Wednesday, September 12, 2012
By Kate Hinds
WBEZ has taken a deep dive into Chicago's transportation history and uncovered some items that were once on the city's wish list.
- in the 1950s, the city considered tearing down the Loop "L" because it was thought the "iron girdle" was retarding the expansion of the central business district
- a grade-level rail line (Ravenswood) was going to be lowered into an open "cut" in the ground
- the west leg of the Red Line -- which now terminates at 95th Street -- was supposed to go to 119th Street
Want to see more transit what-ifs? Check out New York's lost subways.
Tuesday, September 11, 2012
Early yesterday morning, the public school teachers of Chicago went on strike, and in the hours since, we’ve heard a lot about contracts, salaries, city government, and unions. And of course, we’ve also heard both sides mention the students, but in very different contexts.
Tuesday, September 11, 2012
Ester Fuchs, professor of international and public affairs and political science at School of International and Public Affairs (SIPA) at Columbia University and former advisor to Mayor Bloomberg, explains what the Chicago teachers strike tells us about the national conversation about education, and what it means for New York City teachers.
Monday, August 27, 2012
We like to keep our eye on bridges here at TN. Especially new bridges and new techniques for building them. That could be anything from new ways to finance megaprojects, the politics behind tolling, or engineering feats like floating a bridge down a river and hoisting it in place.
Building a bridge offsite and transporting it to it's final location saves money when it is possible. Similar construction techniques are credited with completing the Lake Champlain, NY bridge ahead of schedule (see video.) This weekend we got word of a mini-milestone in that trend.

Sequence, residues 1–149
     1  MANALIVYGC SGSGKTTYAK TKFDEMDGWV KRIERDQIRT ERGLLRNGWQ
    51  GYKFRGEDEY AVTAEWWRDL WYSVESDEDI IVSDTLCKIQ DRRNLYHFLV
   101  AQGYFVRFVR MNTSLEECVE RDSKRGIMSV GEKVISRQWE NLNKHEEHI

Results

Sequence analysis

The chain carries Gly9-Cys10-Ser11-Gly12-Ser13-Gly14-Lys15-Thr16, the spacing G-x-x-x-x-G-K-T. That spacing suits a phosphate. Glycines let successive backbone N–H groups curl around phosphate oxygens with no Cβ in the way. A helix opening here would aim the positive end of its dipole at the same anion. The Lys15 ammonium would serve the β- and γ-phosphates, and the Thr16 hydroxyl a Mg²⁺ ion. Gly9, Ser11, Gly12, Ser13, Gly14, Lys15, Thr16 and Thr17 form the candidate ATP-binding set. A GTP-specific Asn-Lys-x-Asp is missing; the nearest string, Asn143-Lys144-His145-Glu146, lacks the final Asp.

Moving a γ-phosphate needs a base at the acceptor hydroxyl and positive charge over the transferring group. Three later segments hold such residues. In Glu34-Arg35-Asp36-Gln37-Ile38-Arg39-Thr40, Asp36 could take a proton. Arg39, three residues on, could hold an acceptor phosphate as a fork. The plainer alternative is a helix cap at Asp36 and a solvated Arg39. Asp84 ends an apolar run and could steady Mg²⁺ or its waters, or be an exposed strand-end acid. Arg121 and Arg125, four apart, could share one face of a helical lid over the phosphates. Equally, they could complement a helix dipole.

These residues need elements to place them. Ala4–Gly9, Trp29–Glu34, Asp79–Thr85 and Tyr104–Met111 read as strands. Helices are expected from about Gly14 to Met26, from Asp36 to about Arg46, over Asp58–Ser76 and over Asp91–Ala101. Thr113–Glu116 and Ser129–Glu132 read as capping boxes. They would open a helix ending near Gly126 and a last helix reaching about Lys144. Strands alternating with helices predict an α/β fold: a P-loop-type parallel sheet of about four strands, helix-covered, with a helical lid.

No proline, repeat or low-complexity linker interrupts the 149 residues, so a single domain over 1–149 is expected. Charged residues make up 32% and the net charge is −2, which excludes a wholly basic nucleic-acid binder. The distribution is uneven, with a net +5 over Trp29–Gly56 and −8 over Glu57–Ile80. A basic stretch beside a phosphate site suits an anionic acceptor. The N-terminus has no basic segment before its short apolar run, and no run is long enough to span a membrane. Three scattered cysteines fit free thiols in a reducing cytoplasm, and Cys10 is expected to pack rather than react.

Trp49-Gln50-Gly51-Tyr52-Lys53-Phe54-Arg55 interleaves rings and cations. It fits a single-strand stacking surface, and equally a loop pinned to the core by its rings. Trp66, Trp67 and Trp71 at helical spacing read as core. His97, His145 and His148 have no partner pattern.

On Saturday, Chicago says the city in partnership with the state and several railways, installed the largest truss bridge ever built off site and moved into place fully assembled. A truss bridge is what most people think of as the classic railroad bridge, it looks like a steel cage over the roadway forming box or triangle shapes on the sides for support.
Here are a few shots courtesy of the Chicago Department of Transportation, and the press release with background on the project below.
400-FOOT RAILROAD BRIDGE ROLLED INTO PLACE ACROSS TORRENCE AVENUE
Believed to be Largest Truss Bridge Ever Moved into Place after Assembly
A nearly 400-foot-long, 4.3-million-pound railroad truss bridge was rolled into place
A nearly 400-foot-long, 4.3-million-pound railroad truss bridge was rolled into place over Torrence Avenue near 130th Street today, and is believed to be the largest truss bridge ever to be moved into the place after being assembled off site.
The new bridge for the Chicago South Shore and South Bend commuter rail line is a key project in the $101 million reconfiguration and grade separation of the intersection of 130th Street and Torrence Avenue, which part of Mayor Rahm Emanuel’s Building a New Chicago infrastructure program.
It is also a part of the CREATE project – a partnership between U.S. Department of Transportation, the State of Illinois, City of Chicago, Metra, Amtrak, and the nation's freight railroads – to invest billions in critically needed improvements to increase the efficiency of the region's passenger and freight rail infrastructure.
“The moving of this new truss bridge is an incredible feat of construction and engineering,” said Chicago Department of Transportation (CDOT) Commissioner Gabe Klein. “It also demonstrates the strength of the CREATE partnership between government, the railroads and other stakeholders to bring complicated projects like these to fruition to improve the quality of life for Chicago-area communities.”
The goal of the 130th and Torrence grade separation project is to eliminate the two at-grade crossings of the Norfolk Southern tracks with the two roadways to improve the traffic flow of all modes of transport at this complicated intersection.